Christopher Guest has made a career out of droll, talking-head mockumentary films that satirize naive, self-centered hopefuls in one career or another. While the formula has certainly worked for Guest in the past, there is a precipitous threshold over which the deadpan ensemble piece becomes reductive.
Mascots is Best in Show with people in costumes. The ensemble of eccentric sports mascots travel to the annual mascot competition to compete for the Golden Fluffy award. Many of Guest’s go-to players return: Jane Lynch and Ed Begley Jr. as judges, Parker Posey as an aging competitor, Michael Hitchcock and John Michael Higgens as show-runner and potential network sponsor. Their natural comedic timing, particularly as it is necessitated by Guest’s direction, comes through.
But the other actors—Zach Woods, Sarah Baker, Tom Bennett—steal the show. Their handling of deadpan execution is exceptional, even if the script does not always offer a payoff to that deadpan.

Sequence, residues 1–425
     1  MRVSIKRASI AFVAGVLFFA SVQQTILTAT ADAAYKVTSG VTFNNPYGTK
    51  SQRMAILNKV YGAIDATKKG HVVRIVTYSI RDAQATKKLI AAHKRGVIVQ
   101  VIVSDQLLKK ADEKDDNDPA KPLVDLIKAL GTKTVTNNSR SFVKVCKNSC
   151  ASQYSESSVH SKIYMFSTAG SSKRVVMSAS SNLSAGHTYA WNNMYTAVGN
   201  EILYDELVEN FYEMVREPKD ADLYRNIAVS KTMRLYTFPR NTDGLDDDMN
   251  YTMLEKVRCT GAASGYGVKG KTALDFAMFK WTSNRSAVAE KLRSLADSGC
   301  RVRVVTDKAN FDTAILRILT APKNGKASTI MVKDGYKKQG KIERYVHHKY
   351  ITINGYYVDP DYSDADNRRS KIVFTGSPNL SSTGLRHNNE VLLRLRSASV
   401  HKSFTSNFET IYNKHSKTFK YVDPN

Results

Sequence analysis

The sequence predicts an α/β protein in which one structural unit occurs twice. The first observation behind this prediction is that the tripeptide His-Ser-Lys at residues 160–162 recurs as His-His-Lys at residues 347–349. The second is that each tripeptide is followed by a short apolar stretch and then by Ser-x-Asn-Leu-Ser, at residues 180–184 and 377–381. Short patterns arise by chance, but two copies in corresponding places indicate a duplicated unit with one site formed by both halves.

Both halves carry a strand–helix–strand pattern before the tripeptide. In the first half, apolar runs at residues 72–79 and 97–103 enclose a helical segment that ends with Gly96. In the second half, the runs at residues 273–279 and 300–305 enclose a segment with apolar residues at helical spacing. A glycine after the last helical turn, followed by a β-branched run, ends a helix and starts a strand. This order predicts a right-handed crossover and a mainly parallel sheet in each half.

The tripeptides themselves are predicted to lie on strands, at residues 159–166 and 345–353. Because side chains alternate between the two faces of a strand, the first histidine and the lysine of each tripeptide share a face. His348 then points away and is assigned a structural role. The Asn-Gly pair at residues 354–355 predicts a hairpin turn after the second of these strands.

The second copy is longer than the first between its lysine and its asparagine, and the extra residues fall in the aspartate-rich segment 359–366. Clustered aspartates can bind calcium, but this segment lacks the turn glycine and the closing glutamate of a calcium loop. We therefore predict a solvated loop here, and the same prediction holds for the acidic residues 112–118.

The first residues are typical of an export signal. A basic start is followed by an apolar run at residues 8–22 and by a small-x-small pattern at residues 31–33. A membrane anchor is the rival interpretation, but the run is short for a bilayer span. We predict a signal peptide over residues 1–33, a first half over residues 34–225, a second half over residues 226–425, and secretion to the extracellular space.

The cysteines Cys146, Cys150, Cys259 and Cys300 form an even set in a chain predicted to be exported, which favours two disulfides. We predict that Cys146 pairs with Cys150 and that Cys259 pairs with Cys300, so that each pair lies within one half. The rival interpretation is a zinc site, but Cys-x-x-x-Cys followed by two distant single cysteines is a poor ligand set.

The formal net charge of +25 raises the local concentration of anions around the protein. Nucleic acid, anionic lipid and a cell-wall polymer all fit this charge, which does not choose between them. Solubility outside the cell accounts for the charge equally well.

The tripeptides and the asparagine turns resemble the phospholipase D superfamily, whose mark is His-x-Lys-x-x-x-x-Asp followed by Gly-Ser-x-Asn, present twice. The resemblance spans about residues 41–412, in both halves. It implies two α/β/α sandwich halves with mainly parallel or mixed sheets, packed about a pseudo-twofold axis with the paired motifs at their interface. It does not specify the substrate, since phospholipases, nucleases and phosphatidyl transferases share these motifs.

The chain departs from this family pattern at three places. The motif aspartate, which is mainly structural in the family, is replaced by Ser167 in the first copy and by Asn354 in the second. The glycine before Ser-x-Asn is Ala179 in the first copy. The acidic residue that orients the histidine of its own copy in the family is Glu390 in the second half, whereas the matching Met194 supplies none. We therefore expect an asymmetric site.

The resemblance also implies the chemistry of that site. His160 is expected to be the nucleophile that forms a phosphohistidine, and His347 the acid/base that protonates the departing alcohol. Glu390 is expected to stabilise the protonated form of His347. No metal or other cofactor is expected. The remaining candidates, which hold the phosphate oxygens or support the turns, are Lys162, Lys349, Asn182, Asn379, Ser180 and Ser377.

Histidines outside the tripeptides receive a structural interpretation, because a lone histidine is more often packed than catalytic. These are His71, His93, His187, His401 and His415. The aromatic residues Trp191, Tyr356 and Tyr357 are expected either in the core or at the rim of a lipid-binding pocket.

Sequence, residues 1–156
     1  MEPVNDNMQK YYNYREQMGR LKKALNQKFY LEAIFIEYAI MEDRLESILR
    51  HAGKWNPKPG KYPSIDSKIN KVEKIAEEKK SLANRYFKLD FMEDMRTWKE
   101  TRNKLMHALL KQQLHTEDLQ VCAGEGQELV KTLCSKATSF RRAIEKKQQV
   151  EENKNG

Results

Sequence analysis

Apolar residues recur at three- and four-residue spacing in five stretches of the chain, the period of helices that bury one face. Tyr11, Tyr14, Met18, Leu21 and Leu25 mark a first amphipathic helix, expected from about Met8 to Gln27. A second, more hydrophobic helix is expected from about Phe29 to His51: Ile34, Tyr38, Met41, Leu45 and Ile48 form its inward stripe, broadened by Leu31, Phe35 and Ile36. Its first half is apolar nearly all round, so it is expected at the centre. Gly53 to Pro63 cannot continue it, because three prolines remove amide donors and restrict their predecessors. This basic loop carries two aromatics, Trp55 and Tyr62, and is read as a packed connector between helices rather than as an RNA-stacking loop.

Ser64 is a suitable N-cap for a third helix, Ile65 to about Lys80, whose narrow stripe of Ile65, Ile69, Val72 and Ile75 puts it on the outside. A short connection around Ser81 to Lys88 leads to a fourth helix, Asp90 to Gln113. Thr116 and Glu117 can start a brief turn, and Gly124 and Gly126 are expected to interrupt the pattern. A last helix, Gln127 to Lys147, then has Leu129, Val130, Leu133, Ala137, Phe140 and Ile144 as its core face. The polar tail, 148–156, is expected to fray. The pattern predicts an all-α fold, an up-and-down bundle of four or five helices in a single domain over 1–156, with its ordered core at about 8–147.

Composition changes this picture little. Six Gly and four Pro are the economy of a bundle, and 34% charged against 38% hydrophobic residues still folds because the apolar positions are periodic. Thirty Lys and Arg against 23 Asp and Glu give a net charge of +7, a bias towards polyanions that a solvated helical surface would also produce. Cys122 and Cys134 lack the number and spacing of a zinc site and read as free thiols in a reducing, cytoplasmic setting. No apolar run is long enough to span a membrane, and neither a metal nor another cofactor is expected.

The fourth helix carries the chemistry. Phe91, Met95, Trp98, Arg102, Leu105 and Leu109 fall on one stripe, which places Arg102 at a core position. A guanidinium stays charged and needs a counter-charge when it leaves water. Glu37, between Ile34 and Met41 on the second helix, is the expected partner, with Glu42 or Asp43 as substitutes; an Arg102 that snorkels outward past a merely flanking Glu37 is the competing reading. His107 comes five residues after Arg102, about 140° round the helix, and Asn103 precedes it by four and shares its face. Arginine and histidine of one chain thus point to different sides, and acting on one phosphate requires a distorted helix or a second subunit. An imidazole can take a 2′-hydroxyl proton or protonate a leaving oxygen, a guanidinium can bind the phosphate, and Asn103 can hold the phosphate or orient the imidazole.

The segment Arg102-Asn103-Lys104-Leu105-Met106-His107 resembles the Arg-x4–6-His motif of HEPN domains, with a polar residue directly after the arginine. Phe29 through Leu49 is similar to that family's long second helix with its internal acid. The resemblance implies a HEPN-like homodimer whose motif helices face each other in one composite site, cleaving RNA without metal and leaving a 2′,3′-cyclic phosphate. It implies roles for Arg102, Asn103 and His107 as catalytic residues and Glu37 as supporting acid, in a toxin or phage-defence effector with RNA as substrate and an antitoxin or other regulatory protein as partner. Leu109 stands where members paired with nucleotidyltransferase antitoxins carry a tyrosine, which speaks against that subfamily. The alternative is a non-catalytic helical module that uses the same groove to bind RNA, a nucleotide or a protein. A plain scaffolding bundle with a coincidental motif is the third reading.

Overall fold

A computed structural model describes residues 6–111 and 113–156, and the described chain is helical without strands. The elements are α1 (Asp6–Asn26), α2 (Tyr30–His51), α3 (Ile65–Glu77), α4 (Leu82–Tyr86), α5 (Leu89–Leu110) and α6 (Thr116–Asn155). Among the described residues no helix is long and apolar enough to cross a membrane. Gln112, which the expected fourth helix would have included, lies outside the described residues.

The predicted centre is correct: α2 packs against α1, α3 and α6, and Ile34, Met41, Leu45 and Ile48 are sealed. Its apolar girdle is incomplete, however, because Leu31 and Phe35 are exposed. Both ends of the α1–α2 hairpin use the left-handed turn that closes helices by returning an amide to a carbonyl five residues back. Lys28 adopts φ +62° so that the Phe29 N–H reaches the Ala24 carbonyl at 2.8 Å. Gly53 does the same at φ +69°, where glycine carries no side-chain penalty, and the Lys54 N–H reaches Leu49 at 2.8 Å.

This is the most glaring issue with Mascots. The script provides enough awkward snippets of dialogue to maintain a level of comic relief throughout, but for every effective line there are two that simply miss the mark. The film explores areas of mascot-dom that could yield stellar comic set pieces, but instead they seem to fall flat. Discussions exploring “furries” and practicing mascot routines don’t heighten correctly.
What the best Christopher Guest movies do is strand character arcs together to form a tight ensemble comedy. This is done effectively by leaving no characters as weak links. With Mascots, some characters are simply more compelling to follow than others. The unsteady marriage of Woods and Baker, the father’s boy of Bennett, and the bad boy “Giant Fist” of Chris O’Dowd are more intriguing than Posey and Susan Yeagley’s gum-smacking sisters.
Other actors are underutilized. The scene between Fred Willard and Brad Williams is the funniest in the entire film, in spite of leaning on done-to-death stereotype humor, yet their characters are only in a handful of scenes.
The strange interpretive dance techniques that make up the climax of the film certainly make for moments of awkward humor, and one Buster Keaton-esque routine is unironically enjoyable. But overall Guest’s latest is a less cohesive attempt than his best. The scripting inconsistent, the characters all over the board, Mascots does not provide the idiosyncratic satire that one has come to expect from the director.
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—Alex Brannan (@TheAlexBrannan)